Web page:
Laser treatment prostate cancer is a potential game changer

Scientists at University College London have made what they believe is a real breakthrough for prostate cancer, long seen as the Cinderella of cancers, using a drug derived from bacteria found at the bottom of the sea, injected into the bloodstream and activated in the prostate by laser beams (The Guardian, 2016).

The treatment has been shown to kill cancerous cells in the prostate without the serious and sometimes life changing consequences of surgery. A radical operation to remove the whole prostate gland risks leaving patients incontinent or impotent. This is why for many years the standard of care has been to operate only on men who are at high risk of the disease progressing and becoming a killer. The rest are assigned to active surveillance. This means regular testing to ensure the cancer is not spreading, but no treatment. Even symptom-free, many men find having prostate cancer psychologically hard to live with.

The study, by Mark Emberton and colleagues published in Lancet Oncology, doesn’t answer all the questions about its future. Mark Emberton said the authors had to find a design for the trial that would satisfy the EMA without having the advantage of technologies that have advanced massively in the last few years. He said “The prostate cancer landscape has been changing so quickly that no trial could keep up with the pace of change.” When they started five years ago MRI scans were not universally available and they had to guess where in the prostate the cancer was. Biopsies are hit or miss.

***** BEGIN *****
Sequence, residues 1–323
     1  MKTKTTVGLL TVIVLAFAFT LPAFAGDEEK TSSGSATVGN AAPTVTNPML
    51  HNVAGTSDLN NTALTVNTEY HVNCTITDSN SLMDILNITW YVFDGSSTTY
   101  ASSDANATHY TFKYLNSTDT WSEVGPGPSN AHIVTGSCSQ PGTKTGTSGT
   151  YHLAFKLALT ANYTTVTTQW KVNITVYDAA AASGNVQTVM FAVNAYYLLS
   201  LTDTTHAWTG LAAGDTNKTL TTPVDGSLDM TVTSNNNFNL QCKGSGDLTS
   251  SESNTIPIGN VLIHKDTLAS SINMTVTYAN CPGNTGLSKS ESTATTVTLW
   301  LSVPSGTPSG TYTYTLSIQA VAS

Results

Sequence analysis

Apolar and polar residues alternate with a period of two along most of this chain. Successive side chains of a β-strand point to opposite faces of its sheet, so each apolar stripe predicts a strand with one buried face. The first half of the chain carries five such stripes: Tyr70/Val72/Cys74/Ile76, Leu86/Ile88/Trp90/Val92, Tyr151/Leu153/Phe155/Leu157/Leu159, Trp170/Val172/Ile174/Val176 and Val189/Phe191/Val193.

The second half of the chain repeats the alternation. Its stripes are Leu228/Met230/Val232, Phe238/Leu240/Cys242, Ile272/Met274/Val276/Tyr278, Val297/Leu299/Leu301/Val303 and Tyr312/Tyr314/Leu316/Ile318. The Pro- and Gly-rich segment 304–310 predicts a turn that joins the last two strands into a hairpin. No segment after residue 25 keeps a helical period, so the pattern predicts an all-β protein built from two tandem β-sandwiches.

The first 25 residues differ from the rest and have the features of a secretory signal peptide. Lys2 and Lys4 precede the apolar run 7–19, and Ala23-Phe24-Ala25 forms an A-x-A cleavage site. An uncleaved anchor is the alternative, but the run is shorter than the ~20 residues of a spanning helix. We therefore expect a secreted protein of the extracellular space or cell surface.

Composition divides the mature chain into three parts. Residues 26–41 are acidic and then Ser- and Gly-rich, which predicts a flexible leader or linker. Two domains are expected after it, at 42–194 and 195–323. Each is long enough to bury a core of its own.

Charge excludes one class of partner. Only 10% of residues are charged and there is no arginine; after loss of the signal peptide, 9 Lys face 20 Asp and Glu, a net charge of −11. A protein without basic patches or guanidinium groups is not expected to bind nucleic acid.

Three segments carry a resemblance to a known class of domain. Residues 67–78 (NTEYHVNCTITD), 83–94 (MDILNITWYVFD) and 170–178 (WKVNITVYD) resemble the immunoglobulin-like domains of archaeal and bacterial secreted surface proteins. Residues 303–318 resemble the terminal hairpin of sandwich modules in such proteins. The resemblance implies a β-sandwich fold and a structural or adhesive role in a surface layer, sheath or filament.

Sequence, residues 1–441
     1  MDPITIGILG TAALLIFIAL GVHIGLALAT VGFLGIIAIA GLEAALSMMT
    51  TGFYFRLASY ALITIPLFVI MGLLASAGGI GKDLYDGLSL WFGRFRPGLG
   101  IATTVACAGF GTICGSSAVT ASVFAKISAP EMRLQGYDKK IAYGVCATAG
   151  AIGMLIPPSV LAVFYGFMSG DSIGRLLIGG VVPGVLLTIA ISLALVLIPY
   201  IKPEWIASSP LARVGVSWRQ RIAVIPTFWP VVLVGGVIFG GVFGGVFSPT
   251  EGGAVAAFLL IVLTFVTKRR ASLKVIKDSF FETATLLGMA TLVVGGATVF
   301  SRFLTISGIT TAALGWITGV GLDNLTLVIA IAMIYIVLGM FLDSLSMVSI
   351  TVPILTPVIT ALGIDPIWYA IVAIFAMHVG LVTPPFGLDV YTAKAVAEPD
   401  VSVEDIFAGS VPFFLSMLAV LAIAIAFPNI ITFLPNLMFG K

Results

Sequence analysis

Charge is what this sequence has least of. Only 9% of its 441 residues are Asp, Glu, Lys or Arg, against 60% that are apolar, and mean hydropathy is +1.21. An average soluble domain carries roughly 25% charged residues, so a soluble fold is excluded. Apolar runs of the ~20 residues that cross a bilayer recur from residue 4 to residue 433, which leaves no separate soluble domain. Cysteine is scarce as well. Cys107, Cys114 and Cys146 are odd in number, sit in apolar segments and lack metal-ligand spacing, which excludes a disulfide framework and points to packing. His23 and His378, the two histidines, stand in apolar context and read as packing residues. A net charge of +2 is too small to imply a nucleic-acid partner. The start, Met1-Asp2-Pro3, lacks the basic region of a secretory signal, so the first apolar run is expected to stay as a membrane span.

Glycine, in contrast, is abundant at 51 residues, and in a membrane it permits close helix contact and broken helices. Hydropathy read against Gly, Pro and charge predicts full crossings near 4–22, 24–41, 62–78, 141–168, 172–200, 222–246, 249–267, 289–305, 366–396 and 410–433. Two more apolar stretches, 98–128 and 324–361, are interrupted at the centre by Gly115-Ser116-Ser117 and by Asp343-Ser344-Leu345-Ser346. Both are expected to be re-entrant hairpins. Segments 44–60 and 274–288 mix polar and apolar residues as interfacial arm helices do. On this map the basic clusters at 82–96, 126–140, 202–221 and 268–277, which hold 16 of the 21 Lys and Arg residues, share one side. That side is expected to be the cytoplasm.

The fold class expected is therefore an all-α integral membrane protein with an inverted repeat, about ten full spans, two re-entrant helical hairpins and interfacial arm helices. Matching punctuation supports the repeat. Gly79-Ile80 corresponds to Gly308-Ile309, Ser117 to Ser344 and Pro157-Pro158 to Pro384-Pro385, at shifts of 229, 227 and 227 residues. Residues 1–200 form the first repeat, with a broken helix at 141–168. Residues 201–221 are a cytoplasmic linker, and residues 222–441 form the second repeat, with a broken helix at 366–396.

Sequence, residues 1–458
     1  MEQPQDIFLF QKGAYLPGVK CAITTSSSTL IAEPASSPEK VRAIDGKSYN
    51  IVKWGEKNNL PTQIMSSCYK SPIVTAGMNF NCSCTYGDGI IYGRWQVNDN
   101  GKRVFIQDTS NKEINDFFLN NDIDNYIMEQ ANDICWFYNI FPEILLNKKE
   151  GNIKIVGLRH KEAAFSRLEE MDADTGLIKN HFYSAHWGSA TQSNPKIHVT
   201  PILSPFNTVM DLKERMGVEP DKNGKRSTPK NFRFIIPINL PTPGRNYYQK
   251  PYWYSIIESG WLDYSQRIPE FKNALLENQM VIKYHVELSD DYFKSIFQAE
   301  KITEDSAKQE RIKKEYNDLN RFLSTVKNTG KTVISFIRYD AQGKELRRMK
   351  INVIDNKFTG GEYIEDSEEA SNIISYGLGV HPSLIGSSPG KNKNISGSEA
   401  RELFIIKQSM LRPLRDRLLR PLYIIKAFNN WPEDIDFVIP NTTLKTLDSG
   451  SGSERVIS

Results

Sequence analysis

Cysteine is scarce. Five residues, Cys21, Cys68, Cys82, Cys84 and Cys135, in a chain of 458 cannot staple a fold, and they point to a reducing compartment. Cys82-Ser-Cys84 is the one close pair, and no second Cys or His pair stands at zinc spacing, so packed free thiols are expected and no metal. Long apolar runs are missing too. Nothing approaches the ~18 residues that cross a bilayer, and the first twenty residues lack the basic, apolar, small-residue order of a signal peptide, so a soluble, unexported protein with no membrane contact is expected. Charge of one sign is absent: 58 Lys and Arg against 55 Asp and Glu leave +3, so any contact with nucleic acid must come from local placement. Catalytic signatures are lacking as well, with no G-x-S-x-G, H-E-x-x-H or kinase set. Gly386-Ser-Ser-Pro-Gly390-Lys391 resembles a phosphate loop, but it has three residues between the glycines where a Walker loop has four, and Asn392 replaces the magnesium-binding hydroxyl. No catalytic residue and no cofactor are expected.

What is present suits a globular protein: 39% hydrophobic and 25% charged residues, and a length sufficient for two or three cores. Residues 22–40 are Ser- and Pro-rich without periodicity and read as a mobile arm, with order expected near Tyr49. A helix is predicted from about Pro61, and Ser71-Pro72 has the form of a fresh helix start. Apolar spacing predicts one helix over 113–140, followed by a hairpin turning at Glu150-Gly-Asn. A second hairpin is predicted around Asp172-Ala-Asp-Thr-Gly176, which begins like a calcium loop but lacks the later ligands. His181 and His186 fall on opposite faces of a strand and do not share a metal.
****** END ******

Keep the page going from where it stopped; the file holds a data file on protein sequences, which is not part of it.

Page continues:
The researchers focused on four hundred men at low risk and treated half with the therapy, placing optical fibres into the prostate to carry the laser beam. The drug is made from bacteria that live on the ocean floor and are adept at converting any light into high intensity energy, which then kills cancer cells when activated in the prostate without harming normal tissue. The other group were given active surveillance as normal.

At the end of two years, the cancer had progressed in 28% of treated patients compared with 58% of those on active surveillance. Mark Emberton said if they were to do the study now, with the help of MRI scans, they could hit the cancerous parts of the prostate rather than going in blind and the results would be much better. There were side effects, but mostly they had cleared up by the end of the two years. What nobody can know is whether the cancer will stay away, the treated patients will be monitored for years to find out.

Mark Emberton and Prostate Cancer UK think the therapy will be most useful in patients in the grey zone, which is between low and high risk, although for the purposes of the study they had to use patients at low risk. It is not for everyone. Those at very low risk are still better off with no treatment and no side effects.

The idea of a drug made of harmless bacteria that can be activated by light to become cancer killers is not a new one. Photodynamic therapy is already being used to treat skin cancer and others where light can easily penetrate. Mark Emberton said this new technology has been very carefully developed and he believes it could be used to treat other forms of cancer. He hopes it will be approved for use in the NHS as early as possible.

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